The majority of the concessions were granted in the period of economic prosperity under conditions that were logical in view of the results in that context. At present, and since 2009, the reality is very different and the conditions of the concessions have remained as they are in the majority of the cases, ensuring the PAs’ profitability through minimum traffic and an ever-increasing fee model.

In the subsequent revisions made to the law nothing has been done to adapt it to the new reality of the port sector and to the Spanish economy as described previously. Only the PAs of certain ports have applied rebates in whole—such as Algeciras or Ferrol—and in part—such as Barcelona, Bilbao, or Málaga.

The reduction in margins and thus, in profitability—experienced by the port operators, and which could be further aggravated if the decline in traffic continues, the overcapacity, and the increase in costs, all result in extending the payback period of investment planned for in the original business plans. In Spain, the concession periods range between 30 to 35 years, whereas in Europe, these can extend up to 65 years.

Generally speaking, occupancy fees have continued to increase over the last few years, without performing a land valuation of the port terminals in line with homogeneous criteria. A good example of this is the great disparity between the amount per m2 of the occupancy fees in the different ports, or even between companies in the same port, hindering their competitiveness and creating an unlevel playing field.

This valuation does not take into account intended land use, market fluctuations, or the overcapacity existing in the system. In recent years, Spain has experienced a major real estate crisis, which has been much more severe than the rest of Europe and the world. This crisisbrought about a general decline in the value of real estate assets, being particularly more pronounced in the case of land value.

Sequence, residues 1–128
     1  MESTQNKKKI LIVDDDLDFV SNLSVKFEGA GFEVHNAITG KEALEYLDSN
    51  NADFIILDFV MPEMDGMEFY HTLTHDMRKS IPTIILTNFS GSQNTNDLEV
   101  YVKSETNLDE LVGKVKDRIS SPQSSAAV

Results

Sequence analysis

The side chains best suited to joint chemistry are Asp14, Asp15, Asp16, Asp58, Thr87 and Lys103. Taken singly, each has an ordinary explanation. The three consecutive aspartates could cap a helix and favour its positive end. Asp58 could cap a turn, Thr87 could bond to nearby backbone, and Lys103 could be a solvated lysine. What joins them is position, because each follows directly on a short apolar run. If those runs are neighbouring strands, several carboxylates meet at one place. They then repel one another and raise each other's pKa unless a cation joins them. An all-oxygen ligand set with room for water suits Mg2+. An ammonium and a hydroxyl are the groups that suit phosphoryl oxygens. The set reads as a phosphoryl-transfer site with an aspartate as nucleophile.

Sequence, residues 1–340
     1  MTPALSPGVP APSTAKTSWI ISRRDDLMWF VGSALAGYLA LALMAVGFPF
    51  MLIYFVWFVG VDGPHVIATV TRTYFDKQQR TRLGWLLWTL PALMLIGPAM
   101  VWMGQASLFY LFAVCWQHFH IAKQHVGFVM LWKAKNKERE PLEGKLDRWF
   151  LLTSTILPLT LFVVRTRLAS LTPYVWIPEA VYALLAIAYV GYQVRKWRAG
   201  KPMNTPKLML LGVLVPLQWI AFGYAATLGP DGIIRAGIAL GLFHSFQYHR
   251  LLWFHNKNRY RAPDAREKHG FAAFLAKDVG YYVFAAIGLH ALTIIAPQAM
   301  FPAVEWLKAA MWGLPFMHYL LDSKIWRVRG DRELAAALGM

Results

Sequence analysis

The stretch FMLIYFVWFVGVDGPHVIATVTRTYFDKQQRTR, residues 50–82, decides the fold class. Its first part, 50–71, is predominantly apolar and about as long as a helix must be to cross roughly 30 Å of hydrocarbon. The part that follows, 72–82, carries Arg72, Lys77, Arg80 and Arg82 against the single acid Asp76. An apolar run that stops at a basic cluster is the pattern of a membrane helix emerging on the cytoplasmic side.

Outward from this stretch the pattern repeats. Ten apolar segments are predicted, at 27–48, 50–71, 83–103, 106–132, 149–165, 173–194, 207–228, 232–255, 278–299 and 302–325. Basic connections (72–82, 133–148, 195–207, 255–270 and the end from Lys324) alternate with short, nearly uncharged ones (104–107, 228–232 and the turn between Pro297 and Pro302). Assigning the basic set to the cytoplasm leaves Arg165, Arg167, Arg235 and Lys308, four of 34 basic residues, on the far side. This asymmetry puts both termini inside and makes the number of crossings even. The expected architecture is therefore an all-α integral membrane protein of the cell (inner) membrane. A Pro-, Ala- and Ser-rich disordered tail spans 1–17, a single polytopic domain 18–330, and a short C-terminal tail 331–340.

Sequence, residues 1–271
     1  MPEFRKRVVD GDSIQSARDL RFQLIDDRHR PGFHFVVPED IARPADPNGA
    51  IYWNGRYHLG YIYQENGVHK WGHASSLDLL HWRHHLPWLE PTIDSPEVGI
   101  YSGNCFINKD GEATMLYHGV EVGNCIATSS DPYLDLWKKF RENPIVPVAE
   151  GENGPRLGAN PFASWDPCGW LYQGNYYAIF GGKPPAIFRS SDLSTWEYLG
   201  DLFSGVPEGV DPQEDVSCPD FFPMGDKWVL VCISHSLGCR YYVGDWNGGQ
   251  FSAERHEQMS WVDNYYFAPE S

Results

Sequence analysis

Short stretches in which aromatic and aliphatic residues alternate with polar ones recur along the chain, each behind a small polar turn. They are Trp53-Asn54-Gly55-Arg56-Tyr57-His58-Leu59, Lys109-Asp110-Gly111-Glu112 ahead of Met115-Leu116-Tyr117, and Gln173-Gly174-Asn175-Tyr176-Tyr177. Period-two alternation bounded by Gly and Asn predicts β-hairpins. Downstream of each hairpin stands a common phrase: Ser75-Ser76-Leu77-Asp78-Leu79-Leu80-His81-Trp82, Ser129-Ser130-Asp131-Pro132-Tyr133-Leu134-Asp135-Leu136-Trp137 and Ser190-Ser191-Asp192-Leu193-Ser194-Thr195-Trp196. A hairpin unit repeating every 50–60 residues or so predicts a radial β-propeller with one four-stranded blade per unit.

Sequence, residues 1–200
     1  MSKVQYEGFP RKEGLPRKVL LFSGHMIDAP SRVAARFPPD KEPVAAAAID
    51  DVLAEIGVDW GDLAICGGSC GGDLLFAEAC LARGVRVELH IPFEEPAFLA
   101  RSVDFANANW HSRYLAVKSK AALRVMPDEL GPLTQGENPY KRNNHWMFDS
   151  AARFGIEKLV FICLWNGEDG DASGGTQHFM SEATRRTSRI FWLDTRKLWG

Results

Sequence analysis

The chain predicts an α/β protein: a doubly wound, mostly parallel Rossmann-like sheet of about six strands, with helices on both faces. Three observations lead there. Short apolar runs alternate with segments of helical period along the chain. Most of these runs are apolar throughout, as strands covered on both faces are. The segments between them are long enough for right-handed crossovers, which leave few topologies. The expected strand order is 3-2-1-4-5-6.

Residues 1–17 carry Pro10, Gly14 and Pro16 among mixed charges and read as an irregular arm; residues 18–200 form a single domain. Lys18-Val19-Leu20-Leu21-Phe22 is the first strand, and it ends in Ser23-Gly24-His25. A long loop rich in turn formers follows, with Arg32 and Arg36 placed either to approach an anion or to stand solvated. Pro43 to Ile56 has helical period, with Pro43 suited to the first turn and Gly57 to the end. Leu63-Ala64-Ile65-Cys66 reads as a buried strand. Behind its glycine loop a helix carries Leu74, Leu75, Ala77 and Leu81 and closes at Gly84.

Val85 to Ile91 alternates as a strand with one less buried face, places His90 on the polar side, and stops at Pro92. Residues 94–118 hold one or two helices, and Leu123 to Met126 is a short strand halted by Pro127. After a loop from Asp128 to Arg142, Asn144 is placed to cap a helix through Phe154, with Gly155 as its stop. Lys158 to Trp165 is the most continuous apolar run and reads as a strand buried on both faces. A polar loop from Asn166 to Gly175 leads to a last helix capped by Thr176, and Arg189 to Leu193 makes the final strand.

Moreover, for coastal locations, the decline in asset value has been even greater due to the surplus stock that the banks had in their balance sheets, and which they had to sell with huge discounts. This general decline has not been reflected in the evaluation of port fees by the PAs as provided for by the Law of Ports in Article 177. The minimum traffic conditions were incorporated into the law to boost the investors’ commercial activity and were defined in a context that has nothing to do with the current volume and forecasts. These minimums have not changed since then, whereas the volume of traffic has not increased since 2008 and the capacity has steadily increased, fostered by the PAs’ investments, generating greater competition and distributing traffic among ports.

Minimum traffic, within the context of an increase in capacity and decline in volume, only further contributes to damaging the private investors’ profitability, whereas Puertos del Estado’s economic self-sufficiency is ensured by the law. In this way, the PAs’ profitability remains unchanged and is much higher than the rest of port stakeholders.


The strategy of promoting inter-port competition in the port system has produced excellent results in the context of growing traffic. This strategy has led to the implementation of more efficient processes that have made it possible to reach high levels of competitiveness. However, in the current context, this strategy is questionable. In a situation with overcapacity, it is absolutely essential to have a more global vision that ensures that investments made not only do not damage the port operators’ profitability in their role as the main investors, but also guarantee the development of the Spanish port system.